11th May, 2019
Kiel and Kiel Canal
The run across from Stockholm was a pleasant experience, calm Baltic seas and a sunny sunset, al rather nice. Approaching Kiel yesterday morning, we embarked the Pilot 0600 and made our way past the Kiel Can, east locks, and berthed ‘down-town’ by 0800.
This was my first call to Kiel and the berth arrangement, layout of bollards, design and so forth, was a particular challenge – especially for the aft mooring lines at low water. It took an inordinate time to get mooring lines ashore and onto the bollards, but an hour later, we were all-fast alongside, gangway I and the tours away. It was a beautiful sun rise and a lovely day – the skies remaining lovely and broadly ‘blue’ throughout the day.
And so to the Kiel Canal. As I write this I reflect upon what a wonderful transit we have had, the best in my experience with Saga. No particular reason, the conditions were fine, a sumptuous feast on the Veranda deck, courtesy of Gavin and his team, it just went right. Loads of things to see, particularly on the east half that provided me with plenty of humorous ‘Bing-bong’ material!
So how did the day unfold. We were scheduled to leave Kiel, after our overnight, at 0730 this morning to be in the locks for 0830. The Holtenau side, the Kiel end, had one lock chamber out of service for maintenance, which, as you can imagine creates delays. The delay forecasted for the Saga Sapphire was 4 hours at the Kiel end and 5 hours at the Brunsbuttel end, so along day envisaged at around 19 hours with the time for the transit.
Leaving the berth, Chris my 3rd Officer was driving, of which the manoeuvre went to plan, quite text book. I took the Conn from Chris to approach the locks, the 4 hour wait dissipated and I was only delayed around an hour. A good start. In the locks for 0900 and out into the Canal 30 minutes later, is when I sighted my escort tug. Oh boy, that’s not so good, I thought!
Saga Sapphire, apart from the height restriction to get under the bridges, is one of the largest ‘under water volume’ ships to transit the canal. I have attached a picture of our electronic chart which shows the limitations of the ship to manoeuvre around the canal. Because the Canal is a one-way system, ‘sidings’ are provided so that ships can wait for oncoming ship to pass; it’s all about traffic flow management. Logical. I have included a picture of ships waiting for the Saga Sapphire to pass. However, you just can ‘wait’ with the Saga Sapphire, the old girl is not that manoeuvrable, therefore we use a powerful tug ‘made-fast’ aft. We use the tug as a ‘brake’ if we need to slow down and gives stability in direction. The tug needs to be both manoeuvrable and have about a 40 ton, or more, bollard pull, reasonably powerful.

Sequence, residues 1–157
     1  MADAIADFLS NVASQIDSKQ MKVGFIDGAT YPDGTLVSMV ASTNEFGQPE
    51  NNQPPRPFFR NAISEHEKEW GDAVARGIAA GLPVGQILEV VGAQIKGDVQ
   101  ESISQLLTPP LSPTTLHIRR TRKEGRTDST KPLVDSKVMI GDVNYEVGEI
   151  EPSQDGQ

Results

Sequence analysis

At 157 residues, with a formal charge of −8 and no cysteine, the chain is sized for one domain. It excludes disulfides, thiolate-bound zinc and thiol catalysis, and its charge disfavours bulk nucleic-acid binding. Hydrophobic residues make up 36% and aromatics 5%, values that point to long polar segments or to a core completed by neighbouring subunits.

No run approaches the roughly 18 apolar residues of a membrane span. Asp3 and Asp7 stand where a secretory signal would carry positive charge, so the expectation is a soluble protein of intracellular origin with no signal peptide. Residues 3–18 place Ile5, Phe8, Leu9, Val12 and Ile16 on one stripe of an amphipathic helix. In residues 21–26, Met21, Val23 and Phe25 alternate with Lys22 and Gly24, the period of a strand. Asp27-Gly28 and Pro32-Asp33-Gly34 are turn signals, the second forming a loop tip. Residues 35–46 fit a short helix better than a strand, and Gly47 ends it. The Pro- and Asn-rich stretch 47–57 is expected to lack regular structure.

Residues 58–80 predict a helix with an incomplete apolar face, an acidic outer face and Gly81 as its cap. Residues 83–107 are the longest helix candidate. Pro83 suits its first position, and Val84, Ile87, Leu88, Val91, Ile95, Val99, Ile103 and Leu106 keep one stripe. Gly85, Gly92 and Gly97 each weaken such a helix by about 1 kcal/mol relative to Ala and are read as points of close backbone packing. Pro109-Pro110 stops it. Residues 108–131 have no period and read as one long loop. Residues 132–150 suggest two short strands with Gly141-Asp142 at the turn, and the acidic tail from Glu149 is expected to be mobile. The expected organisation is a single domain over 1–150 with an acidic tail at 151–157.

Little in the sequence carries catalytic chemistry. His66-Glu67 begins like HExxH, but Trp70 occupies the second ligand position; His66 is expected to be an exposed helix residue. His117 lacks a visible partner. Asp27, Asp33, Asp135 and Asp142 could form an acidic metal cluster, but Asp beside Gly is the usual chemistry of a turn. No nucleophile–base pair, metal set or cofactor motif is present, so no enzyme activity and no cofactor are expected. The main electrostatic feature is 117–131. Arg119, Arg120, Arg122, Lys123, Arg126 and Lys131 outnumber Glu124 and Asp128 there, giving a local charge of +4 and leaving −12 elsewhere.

The tug provided, and not for free, was a thirty old classic, traditional drive with an 8 ton bollard pull. A classic looking tug, but not much help. As I talked through my concerns with the canal-transit pilot, he equally became quite concerned, however, I had a light-bulb moment during that conversation. I changed my stance and articulated how we could transit, with that tug as escort and be in a manageable position. That solution was to be given priority and not be requested to stop, i.e. we keep going!
The pilot had some protracted conversations with the Canal authorities after which Saga Sapphire had priority. The day was getting better. After a continuous navigation of the Canal, no stopping, we arrived at the Brunsbuttel Locks just before 1800. Now the race was on to get us out of the locks and in to the River Elbe so I could attend my own Farwell Cocktail party. There are always time pressures!
I dispatched Simon, Staffy, to do the ‘glad-handing’ at the door at the start of the Farewell Party, whilst I drove into the locks. The minutes of waiting for the water levels to adjust and the gates open, took for ever. It was like watching paint dry. Long story short, we slipped out of the Locks at 1845 and I just made it on ‘stage’ for my ‘talky bit’ and then off to Formal dinner.
A long day today, departing for our berth in Kiel early this morning seems an age away, still it’s a sea day tomorrow before Dover on Monday. So, time to rest and catch up with the desk.
Captain Stuart Horne
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